Graduation Day at The Common Wheel usually ends with a race.

The graduates hop on the bikes they’ve rebuilt, zoom around Reservoir Park and put on the brakes in the middle of the race so they can stop and change a tire.

The last scheduled graduation, however, was a washout, so with rain pouring down the graduates set their bikes aside and started fixing two more. Those two will be given to refugees who are resettling in Lancaster County.

“You know the drill,” one of the leaders says to Cera Thorpe, 14, as she hands her a screwdriver.

The girls pulled the tires off and checked for leaks. They removed a rusty chain and examined the bearings before riding off on their own new-to-them bikes. And they know their bikes inside and out because they built them with their own hands.

These four graduates were members of the first all-girls Earn-a-Bike class at The Common Wheel, a nonprofit that works to improve lives in Lancaster through the power of bikes.

In a time when fixing things seems the exception, not the norm, The Common Wheel wants to see kids and grown-ups know how to fix the bicycles they ride.

While that’s important for everyone, The Common Wheel’s volunteers hope to spark an interest in girls so they’ll learn how to use tools, which they also hope will boost their confidence.

At graduation, Sophie McGrann, 12, was eager to talk about her bike’s purple-blue color as well as its mechanics.

“I liked doing the brakes,” she says. “And learning how it works and seeing the insides of the bike.”

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These four girls built their own bikes in The Common Wheel's Earn-A-Bike program. The members of the first all-girls group is (from left) Cera Thorpe, Sophie McGrann, Kirsten Kauffman and Isabella Brewer.

Based in an old pumphouse in Lancaster’s Reservoir Park, The Common Wheel does repairs and offers mechanic classes. With the help of partnerships the nonprofit has forged, donated bicycles have been offered for free to low-income residents and refugees through partnerships. Some bikes are also sold to raise money for programs.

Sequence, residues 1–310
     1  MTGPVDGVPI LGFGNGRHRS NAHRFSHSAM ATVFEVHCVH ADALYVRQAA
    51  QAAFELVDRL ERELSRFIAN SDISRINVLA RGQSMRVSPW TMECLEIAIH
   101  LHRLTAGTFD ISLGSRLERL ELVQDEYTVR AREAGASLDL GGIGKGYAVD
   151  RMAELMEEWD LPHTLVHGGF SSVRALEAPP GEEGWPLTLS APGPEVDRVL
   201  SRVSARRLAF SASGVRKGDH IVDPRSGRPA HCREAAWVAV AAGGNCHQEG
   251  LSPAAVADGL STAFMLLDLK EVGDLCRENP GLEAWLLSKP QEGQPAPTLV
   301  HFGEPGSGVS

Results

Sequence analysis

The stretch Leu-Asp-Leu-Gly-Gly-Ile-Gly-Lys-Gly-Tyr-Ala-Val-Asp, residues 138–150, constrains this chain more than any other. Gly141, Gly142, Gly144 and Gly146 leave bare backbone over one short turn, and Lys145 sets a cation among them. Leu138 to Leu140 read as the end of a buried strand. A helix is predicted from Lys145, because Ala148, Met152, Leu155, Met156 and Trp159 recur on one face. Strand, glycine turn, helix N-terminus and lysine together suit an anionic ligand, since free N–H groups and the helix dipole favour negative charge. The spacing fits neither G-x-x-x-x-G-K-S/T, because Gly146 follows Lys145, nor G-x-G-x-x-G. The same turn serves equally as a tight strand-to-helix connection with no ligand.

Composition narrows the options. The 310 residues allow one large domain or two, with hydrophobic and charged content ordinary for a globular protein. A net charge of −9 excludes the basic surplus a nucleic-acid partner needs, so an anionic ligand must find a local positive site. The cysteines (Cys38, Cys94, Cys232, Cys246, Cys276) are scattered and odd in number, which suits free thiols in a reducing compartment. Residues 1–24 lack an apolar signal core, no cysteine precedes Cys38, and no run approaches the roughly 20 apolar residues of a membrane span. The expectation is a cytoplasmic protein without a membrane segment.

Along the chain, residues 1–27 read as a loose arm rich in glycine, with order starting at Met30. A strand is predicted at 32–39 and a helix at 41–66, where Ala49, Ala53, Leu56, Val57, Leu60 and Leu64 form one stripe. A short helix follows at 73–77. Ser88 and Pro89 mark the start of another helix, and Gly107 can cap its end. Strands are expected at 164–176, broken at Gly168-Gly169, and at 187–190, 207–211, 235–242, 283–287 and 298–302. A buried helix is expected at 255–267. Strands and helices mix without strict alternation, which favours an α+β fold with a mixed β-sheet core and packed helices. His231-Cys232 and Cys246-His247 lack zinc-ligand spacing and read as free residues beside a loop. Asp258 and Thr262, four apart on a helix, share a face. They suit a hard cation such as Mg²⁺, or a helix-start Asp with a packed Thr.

The Earn-a-Bike program focuses on the youngest cyclists: Children who range in age from 12 to 17 (and sometimes younger) can pick out a donated bike. During twice-a-week meetings over a five-week period, they take the bikes apart, clean them and recondition them to make sure they’re safe and rideable. The class members learn about safety and then the bike is theirs.

Each bike can be a key to freedom, says Meagan Rinier, The Common Wheel’s lead mechanic.

The classes cost $150, but most receive at least a partial scholarship funded by donations and sponsors.

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The Common Wheel's lead mechanic, Meagan Rinier, gives some advice to Isabella Brewer while she works on a bike.

The Common Wheel usually has six classes a year, and most are filled with boys. The group created a female-only Earn-a-Bike program to make sure girls could learn about bikes and start working with basic tools.

“To be able to use them and be able to do something constructive with them is a very empowering experience, myself included,” says Rinier. “I was where they were at some point in my life.”

Sophie McGrann, 12, signed up to get a new bike and to learn more about how to make repairs.

“I thought it would be cool to learn how to fix up a bike so that if any bike in my family breaks, I can say, ‘I know how to fix that,’ ” says the sixth-grader at Wheatland Middle School.

Perhaps the students will be more likely to fix something that’s broken instead of throwing it away, even if it isn’t a bicycle, Rinier says.

During the classes, women volunteers from Elizabethtown and Franklin & Marshall colleges were there to help. The four girls taking the class worked together well and each latched on to something different.

Isabella Brewer, 12, loved greasing the bike’s parts. She’s an artist and compared it to painting. At the graduation, the Central Manor Elementary School sixth-grader brought a design she created for an Earn-a-Bike T-shirt and hunted for loose ball bearings to make a new sculpture.

Kirsten Kauffman, a homeschooled sixth-grader, was excited about the new gears and rust-free chain on her bike. It was also just the right size for Kirsten, who is 11.

“My other bike is so small,” she says.

Thorpe, 14, liked cleaning the bearings and making sure they were just right so the wheels would turn and the headset would stay in place.

The ninth-grader at Manheim Township High School normally doesn’t do things like this, but in the end she says it was fun.

And she now has a bike of her own.

Rinier says she’s hoping the first all-girls class will spread the word and recruit more girls for future classes.

The May co-ed Earn-a-Bike class is already booked. There are two co-ed classes during the summer session and another all-girls class planned for the fall.

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